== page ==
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Osmyl Derivatives

Salts containing the group OsO2 in the acid radicle are known as osmyl derivatives, and have the general formula:


where M stands for a monovalent metal and X for a monovalent acid radicle. These substances have been carefully studied by Wintrebert.

Of the various osmyl derivatives the potassium salts may be regarded as the most important, since from them it is easy to prepare the corresponding salts of silver, barium, etc., by simple double decomposition.

The potassium salts may be obtained by the action of a suitable reducing agent upon osmium tetroxide in the presence of a simple potassium salt or its hydroxide. Thus, for example, potassium osmyl nitrite results when the tetroxide is reduced by nitric oxide in the presence of potassium nitrite solution:

OsO4 + 2NO + 2KNO2 = K2(OsO2)(NO2)4.

On the other hand, the corresponding oxalate may be produced by treating a solution of the tetroxide in potassium hydroxide with excess of oxalic acid. Thus:

OsO4 + 2KOH + 3H2C2O4 = K2(OsO2)(C2O4)2 + 2CO2 + 4H2O.

Similarly, the action of hydrochloric acid on the tetroxide in the presence of potassium chloride solution leads to the formation of potassium osmyl chloride:

OsO4 + 4HCl + 2KCl = K2(OsO2)Cl4 + Cl2 + 2H2O.

In this case the hydrochloric acid itself acts as the reducing agent, free chlorine being liberated.

It is interesting to note, in passing, that a similar reaction applied to ruthenium tetroxide led Howe to discover the oxychlor-ruthenates of caesium and rubidium.

Osmyl sulphites readily lend themselves to preparation in this manner. Rosenheim and Sasserath first prepared sodium osmyl sulphite by passing sulphur dioxide through a solution of osmium tetroxide in caustic soda.

Now in the foregoing reactions the osmium is used in the form of its tetroxide, in which its valency is 8. The first action is that of the reducing agent, which lowers its valency to six. Then comes the formation of the osmyl derivative. For example, the preparation of potassium osmyl oxalate takes place in two stages, namely, (1) the reduction of OsO4 to OsO3, which, in the presence of the potassium hydroxide, yields potassium osmate, K2OsO4; and (2) interaction of the last named with 2 molecules of oxalic acid to form the osmyl derivative. These stages may be expressed as follows:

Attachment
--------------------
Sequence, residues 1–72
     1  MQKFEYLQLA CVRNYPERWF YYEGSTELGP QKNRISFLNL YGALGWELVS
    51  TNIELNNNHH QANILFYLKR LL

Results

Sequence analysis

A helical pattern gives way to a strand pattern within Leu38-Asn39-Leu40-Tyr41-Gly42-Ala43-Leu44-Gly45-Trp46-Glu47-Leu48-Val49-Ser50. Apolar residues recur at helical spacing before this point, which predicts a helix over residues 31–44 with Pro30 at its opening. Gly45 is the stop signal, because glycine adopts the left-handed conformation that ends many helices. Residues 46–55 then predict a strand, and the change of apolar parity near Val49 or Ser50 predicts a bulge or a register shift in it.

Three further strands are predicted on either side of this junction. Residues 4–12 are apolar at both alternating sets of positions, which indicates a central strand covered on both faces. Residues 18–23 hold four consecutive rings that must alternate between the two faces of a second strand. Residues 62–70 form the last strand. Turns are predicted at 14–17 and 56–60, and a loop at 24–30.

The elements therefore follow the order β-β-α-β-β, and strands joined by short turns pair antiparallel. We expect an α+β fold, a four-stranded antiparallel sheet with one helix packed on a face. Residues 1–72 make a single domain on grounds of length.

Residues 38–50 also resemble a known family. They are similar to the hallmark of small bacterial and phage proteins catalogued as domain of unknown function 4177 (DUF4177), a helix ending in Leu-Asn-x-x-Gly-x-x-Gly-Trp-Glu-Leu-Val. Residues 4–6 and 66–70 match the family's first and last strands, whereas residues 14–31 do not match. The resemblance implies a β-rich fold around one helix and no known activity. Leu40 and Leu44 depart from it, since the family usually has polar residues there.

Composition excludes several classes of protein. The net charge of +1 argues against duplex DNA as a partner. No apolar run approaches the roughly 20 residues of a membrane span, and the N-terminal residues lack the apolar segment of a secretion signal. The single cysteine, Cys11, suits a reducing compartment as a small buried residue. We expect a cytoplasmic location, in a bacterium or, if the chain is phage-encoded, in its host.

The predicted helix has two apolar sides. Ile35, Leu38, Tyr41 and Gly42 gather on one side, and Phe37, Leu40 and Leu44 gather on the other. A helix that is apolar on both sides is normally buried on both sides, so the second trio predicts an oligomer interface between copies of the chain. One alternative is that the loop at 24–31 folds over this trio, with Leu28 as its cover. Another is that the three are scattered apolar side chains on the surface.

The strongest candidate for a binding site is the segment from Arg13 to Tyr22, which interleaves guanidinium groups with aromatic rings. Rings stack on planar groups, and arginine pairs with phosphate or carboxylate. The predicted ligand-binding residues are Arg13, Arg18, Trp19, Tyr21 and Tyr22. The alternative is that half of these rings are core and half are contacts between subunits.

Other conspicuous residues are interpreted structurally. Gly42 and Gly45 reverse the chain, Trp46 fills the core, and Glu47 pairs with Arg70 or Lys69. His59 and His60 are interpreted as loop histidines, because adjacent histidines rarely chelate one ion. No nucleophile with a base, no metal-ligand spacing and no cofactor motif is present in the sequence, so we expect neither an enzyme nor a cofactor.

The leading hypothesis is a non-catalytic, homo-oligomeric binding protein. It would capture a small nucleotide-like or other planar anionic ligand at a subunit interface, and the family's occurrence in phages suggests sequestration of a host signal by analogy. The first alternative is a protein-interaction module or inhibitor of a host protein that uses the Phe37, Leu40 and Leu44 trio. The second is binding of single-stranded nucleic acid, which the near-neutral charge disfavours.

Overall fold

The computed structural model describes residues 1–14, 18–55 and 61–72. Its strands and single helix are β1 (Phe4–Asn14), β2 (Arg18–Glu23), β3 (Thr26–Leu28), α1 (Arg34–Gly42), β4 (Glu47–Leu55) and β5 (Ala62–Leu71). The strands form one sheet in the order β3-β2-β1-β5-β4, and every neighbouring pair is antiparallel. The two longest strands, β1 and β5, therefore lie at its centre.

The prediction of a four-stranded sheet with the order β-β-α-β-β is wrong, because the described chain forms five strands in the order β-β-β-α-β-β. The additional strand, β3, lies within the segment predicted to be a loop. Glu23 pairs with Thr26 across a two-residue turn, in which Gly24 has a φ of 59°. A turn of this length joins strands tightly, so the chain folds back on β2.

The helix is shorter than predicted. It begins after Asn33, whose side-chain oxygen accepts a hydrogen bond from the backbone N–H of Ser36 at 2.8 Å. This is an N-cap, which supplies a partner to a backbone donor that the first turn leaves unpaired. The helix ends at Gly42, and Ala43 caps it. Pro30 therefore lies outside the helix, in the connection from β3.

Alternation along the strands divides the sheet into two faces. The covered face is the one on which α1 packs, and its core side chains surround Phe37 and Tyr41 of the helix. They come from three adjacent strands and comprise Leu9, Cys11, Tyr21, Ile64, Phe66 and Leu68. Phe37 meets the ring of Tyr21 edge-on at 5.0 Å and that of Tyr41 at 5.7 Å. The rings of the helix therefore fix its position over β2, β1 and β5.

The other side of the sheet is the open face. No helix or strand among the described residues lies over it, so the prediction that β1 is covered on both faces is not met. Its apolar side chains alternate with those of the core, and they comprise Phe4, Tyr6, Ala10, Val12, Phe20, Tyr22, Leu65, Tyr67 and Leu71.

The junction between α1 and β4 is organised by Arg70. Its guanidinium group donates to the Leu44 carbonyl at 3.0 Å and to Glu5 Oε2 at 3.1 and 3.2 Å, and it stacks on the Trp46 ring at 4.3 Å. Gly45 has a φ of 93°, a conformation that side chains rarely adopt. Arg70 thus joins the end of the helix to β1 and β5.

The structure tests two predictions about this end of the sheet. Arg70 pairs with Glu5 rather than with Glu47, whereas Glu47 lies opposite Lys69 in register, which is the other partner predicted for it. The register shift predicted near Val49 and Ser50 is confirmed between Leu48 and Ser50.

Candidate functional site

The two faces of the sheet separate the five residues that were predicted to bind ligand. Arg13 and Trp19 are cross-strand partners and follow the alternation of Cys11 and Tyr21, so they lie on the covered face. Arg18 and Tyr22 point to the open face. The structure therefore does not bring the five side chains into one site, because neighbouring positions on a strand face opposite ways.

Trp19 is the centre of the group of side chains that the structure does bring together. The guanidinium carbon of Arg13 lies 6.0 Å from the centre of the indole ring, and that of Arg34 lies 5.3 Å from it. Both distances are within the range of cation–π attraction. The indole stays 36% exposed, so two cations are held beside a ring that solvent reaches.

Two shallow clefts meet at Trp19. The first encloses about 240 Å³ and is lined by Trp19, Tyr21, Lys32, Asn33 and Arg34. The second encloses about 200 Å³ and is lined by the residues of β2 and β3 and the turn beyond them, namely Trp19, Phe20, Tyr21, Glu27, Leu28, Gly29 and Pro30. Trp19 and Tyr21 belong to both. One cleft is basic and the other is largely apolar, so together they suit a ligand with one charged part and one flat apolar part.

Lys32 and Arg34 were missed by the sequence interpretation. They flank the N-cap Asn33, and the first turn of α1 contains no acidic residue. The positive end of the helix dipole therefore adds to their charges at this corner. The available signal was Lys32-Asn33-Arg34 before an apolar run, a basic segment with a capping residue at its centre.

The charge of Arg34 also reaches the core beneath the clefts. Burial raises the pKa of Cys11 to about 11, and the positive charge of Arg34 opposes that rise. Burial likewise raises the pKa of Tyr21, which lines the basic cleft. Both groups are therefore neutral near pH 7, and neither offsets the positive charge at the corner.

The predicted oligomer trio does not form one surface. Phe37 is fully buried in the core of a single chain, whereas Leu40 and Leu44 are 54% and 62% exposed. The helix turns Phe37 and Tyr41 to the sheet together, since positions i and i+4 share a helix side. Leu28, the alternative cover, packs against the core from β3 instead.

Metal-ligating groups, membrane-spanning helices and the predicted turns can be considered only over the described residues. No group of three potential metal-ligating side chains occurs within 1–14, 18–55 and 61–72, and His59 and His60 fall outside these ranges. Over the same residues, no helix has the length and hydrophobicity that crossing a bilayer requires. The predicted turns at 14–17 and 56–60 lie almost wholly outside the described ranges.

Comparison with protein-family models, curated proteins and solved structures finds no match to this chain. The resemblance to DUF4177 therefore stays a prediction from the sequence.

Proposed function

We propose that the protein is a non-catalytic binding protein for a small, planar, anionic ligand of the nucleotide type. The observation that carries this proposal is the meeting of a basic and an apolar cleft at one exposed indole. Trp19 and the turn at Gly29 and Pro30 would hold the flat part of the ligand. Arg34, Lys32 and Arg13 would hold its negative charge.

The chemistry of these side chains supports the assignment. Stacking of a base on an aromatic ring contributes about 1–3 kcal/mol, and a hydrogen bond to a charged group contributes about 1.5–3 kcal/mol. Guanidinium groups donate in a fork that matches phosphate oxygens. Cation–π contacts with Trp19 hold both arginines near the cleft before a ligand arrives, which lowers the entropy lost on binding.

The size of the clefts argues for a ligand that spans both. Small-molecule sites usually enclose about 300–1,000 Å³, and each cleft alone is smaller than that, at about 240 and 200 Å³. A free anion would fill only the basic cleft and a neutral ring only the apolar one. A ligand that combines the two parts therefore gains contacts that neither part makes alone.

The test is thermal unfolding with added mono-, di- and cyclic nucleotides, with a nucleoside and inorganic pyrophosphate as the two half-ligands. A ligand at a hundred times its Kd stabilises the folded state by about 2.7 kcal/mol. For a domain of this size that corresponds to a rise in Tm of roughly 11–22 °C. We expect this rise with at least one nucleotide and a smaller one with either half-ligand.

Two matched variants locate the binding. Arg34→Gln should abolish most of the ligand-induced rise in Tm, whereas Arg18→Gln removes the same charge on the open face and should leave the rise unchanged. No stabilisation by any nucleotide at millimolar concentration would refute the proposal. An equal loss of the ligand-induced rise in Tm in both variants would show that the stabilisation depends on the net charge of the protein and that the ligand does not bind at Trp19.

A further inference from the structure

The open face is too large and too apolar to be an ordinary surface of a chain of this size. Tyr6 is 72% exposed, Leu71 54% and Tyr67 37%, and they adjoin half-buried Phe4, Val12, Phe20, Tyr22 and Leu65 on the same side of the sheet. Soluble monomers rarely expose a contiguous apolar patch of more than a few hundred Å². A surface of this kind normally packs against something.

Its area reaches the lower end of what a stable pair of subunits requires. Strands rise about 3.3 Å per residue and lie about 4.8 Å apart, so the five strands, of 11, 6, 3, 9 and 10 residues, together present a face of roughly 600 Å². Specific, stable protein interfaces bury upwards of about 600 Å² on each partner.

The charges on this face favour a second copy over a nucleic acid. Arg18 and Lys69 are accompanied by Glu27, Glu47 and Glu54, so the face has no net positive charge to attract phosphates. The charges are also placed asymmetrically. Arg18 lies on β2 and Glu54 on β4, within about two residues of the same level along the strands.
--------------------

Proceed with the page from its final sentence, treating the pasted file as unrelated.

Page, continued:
1. OsO4 + H2C2O4 + 2KOH = K2OsO4 + 2CO2 + 2H2O
  2. K2OsO4 + 2H2C2O4 = K2(OsO2)(C2O4)2 + 2H2O.
By starting, therefore, with potassium osmate, in which the osmium is already in the hexavalent condition, the osmyl derivatives may usually be prepared with greater ease, the reaction proceeding according to equation (2) above, or, in general, as follows:

K2OsO4 + 4HX = K2(OsO2)X4 + 2H2O.

Osmyl derivatives may change their acid radicles in contact with free acids in the same manner as ordinary salts. For example, just as hydrochloric acid decomposes potassium nitrite with the formation of potassium chloride:

KNO2 + HCl = KCl + HNO2,

so potassium osmyl nitrite, in the same way, yields potassium osmyl chloride. Thus:

K2(OsO2)(NO2)4 + 4HCl = K2(OsO2)Cl4 + 4HNO2.

Interchange of the negative radicles can also take place between osmyl and neutral salts. Thus the addition of neutral potassium oxalate to a concentrated solution of potassium osmyl chloride yields a precipitate of potassium osmyl oxalate:

K2(OsO2)Cl4 + 2K2C2O4 = K2(OsO2)(C2O4)2 + 4KCl.

Potassium nitrite, under similar conditions, causes crystals of potassium osmyl nitrite to form.

Osmyl derivatives are not stable in neutral aqueous solution, although a small quantity of acid suffices to prevent decomposition. The neutral water decomposes them with the formation of a black precipitate of what has usually been described as osmic acid. Thus, in the case of the chloride:

K2(OsO2)Cl4 + 2H2OH2OsO4 + 2KCl + 2HCl.

The reaction, however, does not continue to completion, since the free hydrochloric acid formed during the initial stages preserves the remainder from decomposition.

With aqueous potassium hydroxide solution, potassium osmate results. Thus:

K2(OsO2)X4 + 4KOH = K2OsO4 + 4KX + 2H2O.

Boiling with an excess of hydrochloric acid results in the complete displacement of oxygen by chlorine, a chlorosmate or osmichloride being formed:

K2(OsO2)X4 + 8HCl = K2OsCl6 + 4HX + Cl2 + 2H2O.

Addition of ammonia to an aqueous solution of an osmyl salt causes the formation of an ammine derivative. Thus:

K2(OsO2)X4 + 4NH3 = (OsO2)(NH3)4X2 + 2KX.

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